It might be fun to pick out a cover or a cute font because that continues to be in our creative wheelhouse, but the rest I put under the umbrella of the “business of book writing.” I realized that this is where so many of us trip and fall down. Hard. Scraped knees with stinging mercurochrome slathered on top.

The Usual Artistic Pattern: Craft Before Business

I spent many years learning how to play the flute. Technique exercises. Etudes. Sonatas and Concertos. Mixed in were orchestral excerpts. I played with concert bands, pit orchestras, and symphonies. I had private lessons, masterclasses, performing arts high school, and another five years of college. Can I play the flute? I hope so. Too many hours of practice and money were invested not to be a decent performer.

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3 Steps to Create Write Time – From the Writers in the Storm Blog

by Kris Maze

Quick. On a scale of 1 to 5, where 1 is “totally under control” and 5 is “terrified to say,” how are you managing your Writing To-do List?

If you have a structured, highly functioning system for marketing your author brand and still have time to write, then happily move along. But the chances are that technology changes and a variety of unfinished projects, leave many authors with an answer closer to 5 (terrified to say) than not. Myself included as I recall being overwhelmed by a “failed to launch” error on a social media post I spent too much time creating.

Authors juggle multifaceted platforms, often as solitary entrepreneurs. This effort is important, but is it worth the cost of writing your novel?

If you can relate, you may find relief in my intention to stress less and to declutter my writing to-do list in a systematic way. Perhaps some of the exercises here will help you prioritize your writing goals and create a focused writing plan.

In order to have a lasting career and a growing audience, author marketing simply can’t be ignored. Interacting through various media, as many experts suggest, is key to getting more readers. Not sure where to start? This recent WITS post, by Penny Sansevieiri, covers where readers and agents should easily find your author platform online.

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5 Life “Rules” That May Change Your Writing Future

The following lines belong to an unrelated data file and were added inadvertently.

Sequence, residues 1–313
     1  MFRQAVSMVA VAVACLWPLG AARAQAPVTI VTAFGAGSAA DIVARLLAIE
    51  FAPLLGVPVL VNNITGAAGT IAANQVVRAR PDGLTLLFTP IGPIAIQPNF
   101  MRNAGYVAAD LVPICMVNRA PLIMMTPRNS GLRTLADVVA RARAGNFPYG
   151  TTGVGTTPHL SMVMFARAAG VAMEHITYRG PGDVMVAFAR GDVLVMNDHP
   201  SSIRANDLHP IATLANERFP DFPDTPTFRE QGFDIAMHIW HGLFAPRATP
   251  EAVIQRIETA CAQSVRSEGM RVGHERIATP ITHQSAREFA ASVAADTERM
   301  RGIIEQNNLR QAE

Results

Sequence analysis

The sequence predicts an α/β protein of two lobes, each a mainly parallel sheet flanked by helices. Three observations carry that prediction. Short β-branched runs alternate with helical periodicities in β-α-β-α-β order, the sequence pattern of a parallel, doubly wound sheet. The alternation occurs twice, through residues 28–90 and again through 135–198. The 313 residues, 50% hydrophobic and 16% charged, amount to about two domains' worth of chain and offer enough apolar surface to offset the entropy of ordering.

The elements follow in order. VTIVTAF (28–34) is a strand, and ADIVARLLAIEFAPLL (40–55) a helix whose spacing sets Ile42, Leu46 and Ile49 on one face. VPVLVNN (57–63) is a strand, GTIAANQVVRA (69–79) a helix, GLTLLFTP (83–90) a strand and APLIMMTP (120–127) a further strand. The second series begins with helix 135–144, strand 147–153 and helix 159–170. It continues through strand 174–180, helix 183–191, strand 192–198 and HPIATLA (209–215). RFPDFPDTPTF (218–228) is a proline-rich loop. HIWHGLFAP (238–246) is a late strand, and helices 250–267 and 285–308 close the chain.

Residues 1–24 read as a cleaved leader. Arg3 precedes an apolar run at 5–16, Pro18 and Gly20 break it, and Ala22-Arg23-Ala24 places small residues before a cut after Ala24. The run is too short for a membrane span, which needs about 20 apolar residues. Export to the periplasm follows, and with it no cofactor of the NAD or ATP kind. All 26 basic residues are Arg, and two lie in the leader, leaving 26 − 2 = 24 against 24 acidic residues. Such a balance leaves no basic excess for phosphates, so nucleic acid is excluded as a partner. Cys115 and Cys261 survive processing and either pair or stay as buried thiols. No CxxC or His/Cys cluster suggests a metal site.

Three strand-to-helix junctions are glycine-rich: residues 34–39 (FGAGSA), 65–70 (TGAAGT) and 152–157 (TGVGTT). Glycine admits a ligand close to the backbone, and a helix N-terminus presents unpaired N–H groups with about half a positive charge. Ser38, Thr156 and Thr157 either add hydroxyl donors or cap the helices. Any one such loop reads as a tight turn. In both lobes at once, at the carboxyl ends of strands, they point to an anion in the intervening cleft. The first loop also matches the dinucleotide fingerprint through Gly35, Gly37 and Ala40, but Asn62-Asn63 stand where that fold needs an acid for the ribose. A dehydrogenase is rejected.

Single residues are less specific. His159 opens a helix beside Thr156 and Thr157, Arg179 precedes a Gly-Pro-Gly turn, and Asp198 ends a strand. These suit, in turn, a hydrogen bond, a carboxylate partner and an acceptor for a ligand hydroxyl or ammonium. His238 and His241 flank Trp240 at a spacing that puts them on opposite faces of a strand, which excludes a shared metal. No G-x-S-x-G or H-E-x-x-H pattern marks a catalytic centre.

by Jenny Hansen

A lot of leadership advice, training styles, and life philosophies pass by my desk in the course of my day job. Books like Emotional Intelligence 2.0The Storyteller’s Secret, and Start With Why are sitting in my workspace right now.

When I’m really really lucky, those leadership philosophies and “life rules” inform and enrich my day job AND my writing life.

If you’ve never heard of Simon Sinek, I think you’ll like him. His mission in life is to inspire others and he’s got some amazing lessons for creatives like the video below.

Simon Sinek’s 5 “Life Rules”

Lesson One

You can go after whatever you want, you just cannot deny anyone else the ability to go after what they want.

In the video, he shares a story about how you perceive your goals – do you see what you want, or do you see the obstacle that stands in the way of what you want? This is a thought-provoking distinction. The only thing I didn’t like about this story is the way he bypassed the obstacle. However, his point is valid.

  • Focus on what you want.
  • Don’t impede others’ success.
  • You don’t have to do it the way everybody has done it.

Read the rest of this post HERE.

Bringing a Character To Life – From the Writers in the Storm Blog

by Barbara Linn Probst

Stories are about what happens to the characters in them. It doesn’t matter if those characters are robots, pigs, spiders, or dragons. We read to find out how the character’s schemes and adventures turned out. Without characters, there’s no story.

In my experience, characters are “born” in different ways. Some appear fully-formed—how they look and talk, even their names. Others appear slowly, like a person walking toward me from far away. And still others have to be wrestled into existence; they almost seem to resist my need for them, requiring endless re-envisioning.

It doesn’t seem to depend on the character’s age, gender, background, personality, or how similar (or different) we are. In The Sound Between the Notes, for example, there are two minor characters, Beryl Dumont and Jimmy Ray Calhoun, who made themselves known to me at once, right down to their names. I didn’t have to search, struggle, or even think about how to bring them to life; they were vivid and authentic from the very beginning.

I wonder, sometimes: do we invent our characters, or do we get to know them?  Do we build them, bit by bit, out of our storehouse of details and knowledge, as a landscaper might? Or do we coax them into existence, like a midwife, and marvel at the new person we’re eager to know?

Below are four questions, along with some practical strategies, that can help to create characters who are fully alive.

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Memoir Writing: What I Wish I Knew Before I Started – Part 2 – From the Writers in the Storm Blog

By Linda Ruggeri

A few months ago, I posted my Memoir Writing 101 Series: Getting Started Part 1. Today I’m sharing Part 2, where we discuss with the same authors I wrote about, the positive things and surprises that came out of their memoir projects—the unintended consequences memoir writing can have in our lives.

When I work with memoir writers as their editor and/or writing coach, there is an inherent bond of trust that is forged. They promise to share their best work with me (which usually nobody has seen), and I promise to listen, read, and give them honest and helpful guidance that can make their manuscripts stronger.

It’s a delicate act and not one for the faint of heart (for either of us). I know I’ll be treading through different and sometimes difficult stories: some painful, some rewarding, some that took years to write, and some that are born out of pure passion—so what I say, and how I say it, can break or strengthen a person’s soul, or both.

Read the rest of this post HERE.